1413 saw the crowning of the most military of kings, Henry V. He is described as a cold and ruthless soldier. Once crowned he immediately began preparing to invade Normandy, which he did in 1415. The next few years brought amazing military victories for England at Harfleur and the amazing defeat of the French at Agincourt. In 1416 the last Welsh "Prince of Wales," died, and Henry was able to give France his full attention. In 1417 he again invaded France, his target was the city of Rouen. After an almost two year siege the once great city surrendered, it's citizens dying of starvation and illness. Also dying at the siege was Gilbert, Lord Talbot, Lord of the manor of Bampton.
thomas takes a wife
Thomas was married in 1422. His wife was the Lord Talbot's widow, Beatrice. Beatrice was a young widow with only on child, a daughter named Ankaret for her Talbot Grandmother. Beatrice was also a foreigner. She was Portuguese. Let me say right out that she was not the daughter of King Joao (John) of Portugal by either his legal wife, Phillipa Lancaster or a mistress as is seem on multiple websites. All current research points to her being a descendant of King Alphonso III of Portugal and his mistress Mariana Pirez de Enxara. Alphonso died in 1279 and if true would have been Beatrice's 3X great grandfather. She was not a princess. Suffice it to say, no one really knows who her father was.
Immediately following the death of her husband, Beatrice was given one third of the manor of Bampton as her dower. In 1419 she was given full custody of the estate. Sadly, her daughter and Lord Talbot's only heir, died in 1422. This left Beatrice and her then husband Thomas Fettiplace with only her dower third. She exchanged this dower for the right of tenancy. Gilbert's lands and title passed to his brother John, later the Earl of Shrewsbury.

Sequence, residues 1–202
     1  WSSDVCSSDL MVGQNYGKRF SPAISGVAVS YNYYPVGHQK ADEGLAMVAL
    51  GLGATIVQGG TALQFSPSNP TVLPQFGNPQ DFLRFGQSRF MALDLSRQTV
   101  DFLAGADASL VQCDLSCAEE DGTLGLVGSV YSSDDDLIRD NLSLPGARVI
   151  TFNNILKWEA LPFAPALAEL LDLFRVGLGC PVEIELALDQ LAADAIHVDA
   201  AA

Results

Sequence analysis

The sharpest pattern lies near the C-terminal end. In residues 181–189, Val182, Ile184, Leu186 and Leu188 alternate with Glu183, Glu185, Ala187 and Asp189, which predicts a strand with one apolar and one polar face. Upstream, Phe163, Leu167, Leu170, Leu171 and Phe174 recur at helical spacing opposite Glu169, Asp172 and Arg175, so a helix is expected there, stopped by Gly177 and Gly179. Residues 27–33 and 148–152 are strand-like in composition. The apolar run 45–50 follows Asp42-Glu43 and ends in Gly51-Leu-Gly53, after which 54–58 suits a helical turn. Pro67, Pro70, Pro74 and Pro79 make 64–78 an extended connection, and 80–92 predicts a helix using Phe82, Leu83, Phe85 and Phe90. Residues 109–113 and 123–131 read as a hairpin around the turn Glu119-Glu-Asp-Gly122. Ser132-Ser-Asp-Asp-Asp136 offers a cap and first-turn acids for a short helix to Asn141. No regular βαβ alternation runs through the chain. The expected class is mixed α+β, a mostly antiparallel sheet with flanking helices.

Thomas was obviously a very successful businessman. He held many high offices in the Counties of Berkshire and Oxfordshire including serving as a member of parliament in 1432. He also served as Sheriff of both counties. In 1442 he was given a commission to basically persuade his neighbors to 'loan' money to the King and bring it post haste to the Royal Exchequer. According to the Royal Berkshire History article on Thomas, he was never knighted and therefore was not Sir Thomas but rather only Thomas Fettiplace.
He seems to have died not long after the 1442 commission. Beatrice died on Christmas day in 1447. They are buried in the little church of St. Thomas that once served the manor of East Shefford. Their alabaster tomb was commissioned by their son John. The manor house of East Shefford was demolished in 1871. The village of East Shefford no long exists.
|St. Thomas church photo by Ron Baxter|
A P Baggs, Eleanor Chance, Christina Colvin, C J Day, Nesta Selwyn and S C Townley. "Bampton Hundred," in A History of the County of Oxford: Volume 13, Bampton Hundred (Part One), ed. Alan Crossley and C R J Currie (London: Victoria County History, 1996), 1-5. British History Online, accessed May 25, 2016, http://www.british-history.ac.uk/vch/oxon/vol13/pp1-5.
"Parishes: East Shefford or Little Shefford," in A History of the County of Berkshire: Volume 4, ed. William Page and P H Ditchfield (London: Victoria County History, 1924), 234-238. British History Online, accessed May 15, 2016, http://www.british-history.ac.uk/vch/berks/vol4/pp234-238.
David Nash Ford, "Thomas Fettiplace," David Nash Ford's Royal Berkshire History, (http://www.berkshirehistory.com : accessed 28 May 2016).
Nathaniel L. Taylor, "Beatrice Fettiplace (Ancestress of Gov. Thomas Dudley) : A Summary", PDF file. This was written in 2002 and is the latest information on the ancestry of Beatrice Fettiplace. Taylor is the editor and publisher of the The American Genealogist.
Donald Lines Jacobus, "The Fettiplace Family," The New England Historical and Genealogical Register, Vol. 123 (October 1969) 254, American Ancestors (http://www.americanancestors.org : accessed 25 May 2016).